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By Lux Alptraum

For all the benefits secured by women who deftly wield a makeup brush or wig or shapewear, there’s a danger that comes with being too good at transforming one’s self into the ideal image of female beauty.

In January 2015, makeup artist Andreigha Wazny posted two photos of her friend Ashley VanPevenage, one showing VanPevenage without makeup, the next showing her with a fully made‑up, high-glamour face. The transformation is stark: VanPevenage’s skin goes from blemished to flawless, her nose appears to change shape, her eyebrows darken and fill out, and her eyes — now framed by dark, smoky eye shadow and lustrous black lashes — seem brighter and more radiant.

To anyone familiar with the transformative power of makeup, there was nothing particularly surprising about these before and after shots. But when they went viral, launching out of the orbit of makeup social media and into the mainstream internet, things took a dark turn.

Lux Alptraum's "Faking It: The Lies Women Tell about Sex — And the Truths They Reveal"
Lux Alptraum's "Faking It: The Lies Women Tell about Sex -— And the Truths They Reveal"Courtesy Seal Press

A few weeks after Wazny posted the photos, a Twitter user reposted them with the caption “The reason why you gotta take a bitch swimming on the first date,” an outing that would presumably wash away a woman’s makeup and reveal her “true” face. (The phrase, it should be noted, did not originate with this user, but seemed to explode in popularity subsequent to this exchange.)

The implication of the phrase, which eventually turned into a meme itself, was clear: Women are trying to deceive men, using the various tricks of the beauty industry to lure unsuspecting paramours into relationships. A man who isn’t careful — who takes the object of his affection at face value, so to speak — can easily wind up saddled to a woman who’s merely faking the attractive exterior that drew him to her in the first place. Women, it’s implied, are inherently deceitful, and those who manage to secure through makeup what they were denied by nature deserve to be revealed.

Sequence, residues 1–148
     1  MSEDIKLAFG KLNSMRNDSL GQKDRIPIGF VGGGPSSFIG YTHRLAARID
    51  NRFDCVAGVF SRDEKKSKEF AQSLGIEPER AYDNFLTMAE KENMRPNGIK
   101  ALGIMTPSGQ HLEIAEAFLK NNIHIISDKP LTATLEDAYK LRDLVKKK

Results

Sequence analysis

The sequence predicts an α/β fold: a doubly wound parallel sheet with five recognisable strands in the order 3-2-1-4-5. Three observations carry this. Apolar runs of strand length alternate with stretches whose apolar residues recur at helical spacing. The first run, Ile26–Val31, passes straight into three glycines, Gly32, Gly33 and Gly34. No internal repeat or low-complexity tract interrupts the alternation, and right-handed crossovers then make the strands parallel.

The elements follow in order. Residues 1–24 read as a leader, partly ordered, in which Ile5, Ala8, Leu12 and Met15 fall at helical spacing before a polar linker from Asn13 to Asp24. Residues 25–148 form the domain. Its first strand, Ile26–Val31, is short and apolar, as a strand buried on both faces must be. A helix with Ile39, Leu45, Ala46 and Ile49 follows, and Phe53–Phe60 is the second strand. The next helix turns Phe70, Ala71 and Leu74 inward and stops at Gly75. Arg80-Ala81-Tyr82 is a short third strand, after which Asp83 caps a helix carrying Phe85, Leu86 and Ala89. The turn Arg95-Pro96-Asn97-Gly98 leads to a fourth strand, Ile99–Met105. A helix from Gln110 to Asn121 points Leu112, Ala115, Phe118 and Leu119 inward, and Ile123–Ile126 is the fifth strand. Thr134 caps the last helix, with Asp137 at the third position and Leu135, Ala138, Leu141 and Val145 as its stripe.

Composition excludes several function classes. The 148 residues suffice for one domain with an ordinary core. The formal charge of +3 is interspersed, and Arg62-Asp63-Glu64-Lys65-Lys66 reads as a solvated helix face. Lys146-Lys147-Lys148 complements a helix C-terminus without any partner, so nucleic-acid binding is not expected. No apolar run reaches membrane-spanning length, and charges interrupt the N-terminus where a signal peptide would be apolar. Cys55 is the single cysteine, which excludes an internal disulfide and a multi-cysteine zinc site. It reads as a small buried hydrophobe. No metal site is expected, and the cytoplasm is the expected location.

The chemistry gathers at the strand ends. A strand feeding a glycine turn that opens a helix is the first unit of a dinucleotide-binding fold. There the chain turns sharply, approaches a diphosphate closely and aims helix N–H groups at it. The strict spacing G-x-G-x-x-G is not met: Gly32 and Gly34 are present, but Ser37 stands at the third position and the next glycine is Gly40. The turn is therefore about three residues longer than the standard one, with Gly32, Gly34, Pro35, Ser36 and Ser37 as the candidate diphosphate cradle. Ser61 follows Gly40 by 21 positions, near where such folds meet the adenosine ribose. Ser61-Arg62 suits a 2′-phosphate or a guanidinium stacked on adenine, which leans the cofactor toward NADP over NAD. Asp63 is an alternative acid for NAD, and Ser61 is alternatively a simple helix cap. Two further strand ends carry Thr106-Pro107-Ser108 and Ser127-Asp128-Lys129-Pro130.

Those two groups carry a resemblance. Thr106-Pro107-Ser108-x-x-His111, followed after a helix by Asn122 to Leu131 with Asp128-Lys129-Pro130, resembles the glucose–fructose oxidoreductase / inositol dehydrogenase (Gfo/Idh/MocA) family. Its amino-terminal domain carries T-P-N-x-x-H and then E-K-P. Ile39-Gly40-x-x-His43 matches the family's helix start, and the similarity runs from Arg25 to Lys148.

For women, the world of beauty often presents a difficult, if not outright impossible, situation to navigate. Eschew cosmetics entirely, and you’ll likely be scorned for not caring enough about your appearance; put too much faith in the power of physical transformation, and suddenly you’re a grotesque caricature of vanity as well as a portrait of deceit.

There is, in theory, an optimal amount of effort that deftly balances looking attractive with not caring too much about your appearance, but where that perfect mix is can be pretty hard to pinpoint — and where, exactly, it lies depends a lot on what sort of looks you were born with.

“Take a bitch swimming on the first date” may be one of the more vicious male commentaries on female makeup use, but it’s hardly the only one. Men have long declared themselves the arbiters of acceptable application of makeup, and the internet is filled with anti-makeup screeds that use photos to illustrate the argument that women who are unadorned and au naturel look far better than “cakefaces” who bury their skin under layers of product.